Periodically I’ll think of a seemingly random moment in my life, often many years ago, and trace forward how that one instance radically altered the trajectory of my existence. It’s a way of looking back, not in regret, but in awe at the tremendous weight of each decision we make.
We think of major ceremonious times – in the case of today, my graduation from Pacific Lutheran University one year ago – but really these events often were more a case of public recognition of our journey than a seminal moment in the journey itself. For example, that ceremony publicly bestowed upon me the title of college graduate, but that was a reflection of the previous four years and not actually anything meaningful within those experiences.
I have found (warning to my over-stressed friends, “I told you so” moment coming up) that the most meaningful times in my life have been those spent with friends and family doing the things I love. As much as I learned from every class I attended at PLU, and as much as what I learned in those classes has played a role in my life since, I remember very little about specific homework assignments or tests. But I absolutely remember specific moments of late-night procrastination, whether it was in the form of movies, Mario Kart or midnight trips to Dick’s in Seattle.
The first seminal moment leading to my graduation from PLU took place sometime in early March 2006, several months before I enrolled as a Lute, in my fourth period band class at Kamiak High School. I do not remember the specific day, but our director informed us that we would be playing at the Opening Day Mariners game for the 2006 season.
Now, anyone who knows me knows my love for baseball, and the Mariners will always hold a very special place in my heart (most likely as a tremendous source of frustration, pain and agony, but without experiencing sadness we can’t appreciate happiness, right? At least, that’s what I tell myself each year…). This opportunity was a dream come true for me. Granted, it was a dream I never would have dreamt – really, a marching band in baseball? But it was an opportunity I simply could not pass up.
Unfortunately, Opening Day 2006 was scheduled for the same day as a scholarship interview at Whitworth in Spokane. Whitworth was the school I wanted to attend more than any other, although to be honest I do not know why. I had never seen the campus, but somehow the school appealed to me more than all the others to which I applied.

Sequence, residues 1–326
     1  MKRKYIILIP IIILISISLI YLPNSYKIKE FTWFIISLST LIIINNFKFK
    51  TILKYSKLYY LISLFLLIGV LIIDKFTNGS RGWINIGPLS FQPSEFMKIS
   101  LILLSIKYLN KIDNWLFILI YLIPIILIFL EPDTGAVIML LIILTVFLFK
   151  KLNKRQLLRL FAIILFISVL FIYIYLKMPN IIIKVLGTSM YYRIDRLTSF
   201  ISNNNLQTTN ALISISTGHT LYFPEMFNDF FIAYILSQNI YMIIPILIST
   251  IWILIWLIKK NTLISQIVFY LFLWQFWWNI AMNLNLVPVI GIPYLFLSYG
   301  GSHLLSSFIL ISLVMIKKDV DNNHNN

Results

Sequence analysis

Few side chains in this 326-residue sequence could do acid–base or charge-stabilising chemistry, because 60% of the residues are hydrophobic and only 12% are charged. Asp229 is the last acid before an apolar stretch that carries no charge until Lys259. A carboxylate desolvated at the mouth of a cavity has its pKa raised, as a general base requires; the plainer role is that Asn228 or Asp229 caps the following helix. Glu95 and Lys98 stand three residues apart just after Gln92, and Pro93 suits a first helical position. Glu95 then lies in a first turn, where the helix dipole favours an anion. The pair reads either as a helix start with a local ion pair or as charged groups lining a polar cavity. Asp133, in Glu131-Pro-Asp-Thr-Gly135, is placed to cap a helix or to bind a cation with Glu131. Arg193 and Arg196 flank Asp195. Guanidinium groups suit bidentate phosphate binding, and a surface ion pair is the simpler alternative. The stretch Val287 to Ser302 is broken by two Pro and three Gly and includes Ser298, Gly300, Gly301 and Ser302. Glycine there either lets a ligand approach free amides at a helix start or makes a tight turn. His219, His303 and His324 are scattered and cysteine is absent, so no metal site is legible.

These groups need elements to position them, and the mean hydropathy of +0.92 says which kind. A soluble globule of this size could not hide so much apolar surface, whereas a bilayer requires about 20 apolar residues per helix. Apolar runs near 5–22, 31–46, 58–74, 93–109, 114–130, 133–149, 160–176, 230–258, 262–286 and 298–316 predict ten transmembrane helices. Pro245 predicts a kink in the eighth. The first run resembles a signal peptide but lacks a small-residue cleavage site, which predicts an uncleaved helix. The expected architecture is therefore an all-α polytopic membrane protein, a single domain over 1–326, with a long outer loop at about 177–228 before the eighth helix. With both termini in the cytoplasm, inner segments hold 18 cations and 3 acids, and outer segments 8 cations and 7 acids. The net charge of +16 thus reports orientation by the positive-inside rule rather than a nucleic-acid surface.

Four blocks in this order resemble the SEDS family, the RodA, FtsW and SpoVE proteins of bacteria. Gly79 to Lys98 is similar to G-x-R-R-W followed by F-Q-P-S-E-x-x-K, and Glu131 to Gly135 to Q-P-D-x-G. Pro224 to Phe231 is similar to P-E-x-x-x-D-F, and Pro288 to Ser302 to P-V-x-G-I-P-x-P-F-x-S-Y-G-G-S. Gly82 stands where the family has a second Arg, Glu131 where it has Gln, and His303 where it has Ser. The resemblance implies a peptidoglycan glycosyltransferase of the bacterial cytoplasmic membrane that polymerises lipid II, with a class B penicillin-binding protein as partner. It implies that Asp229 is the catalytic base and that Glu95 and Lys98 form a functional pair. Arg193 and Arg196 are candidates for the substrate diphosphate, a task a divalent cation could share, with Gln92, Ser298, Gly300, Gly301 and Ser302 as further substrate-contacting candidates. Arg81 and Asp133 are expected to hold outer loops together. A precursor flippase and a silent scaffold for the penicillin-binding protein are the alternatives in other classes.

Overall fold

I sought the most logical (not to mention simple) solution to this dilemma, but unfortunately the Mariners refused to reschedule Opening Day (I will never understand why). And since I was also unable to reschedule my interview at Whitworth, I made the most responsible decision I could.
I left the possibility (albeit unlikely) of a full scholarship to Whitworth so I could stand on the Safeco Field turf and bang the drum slowly (I thought about saying bang on the drum all day, to reference the Todd Rundgren song, but I figured a baseball movie was a more fitting reference). Since PLU offered me the largest scholarship package and I truly enjoyed my campus visits, I became a Lute (almost a reverse Pinocchio type thing, I guess).
Now, I’m sure all (two or three – what can I say? I’m optimistic…) of you reading this are considering me a total idiot for potentially leaving tens of thousands of dollars on the table to cheer on a terrible team (the Mariners in general and the 2006 team specifically). And on the surface you are spot on.
But as much as I mean no disrespect to Whitworth, I cannot imagine having gone anywhere other than PLU. I am who I am because of the experiences I had in the Lutedome and the people I encountered. I even fluked my way into my current career path thanks to the people and situations at PLU.
I could point to so many other times and experiences, both more specific and more general, to reveal the odd trajectory of how I have become who I am, and perhaps I will at some other point. But this is not the time for the convoluted possibilities of Back to the Future Part Two.
I offer my congratulations to this year’s graduates, from both PLU and all other schools, and wish nothing but the best for your futures. But as you take part in the journey of your one wild and precious life (thank you, Mary Oliver), take some time every once in a while to look back and retrace your steps. See from where you came, and realize some of the utterly ridiculous circumstances that in hindsight played THE definitive role in establishing your personal identity.
You graduation ceremony is a time to bask in the glory of what you have accomplished, but those three hours (two if you’re lucky, four if you’re not) do not fundamentally change who you are even as they forever change how you are viewed and identified. The responsibility for your evolving identity all too often lies in the most innocuous and seemingly random event in an otherwise ordinary day.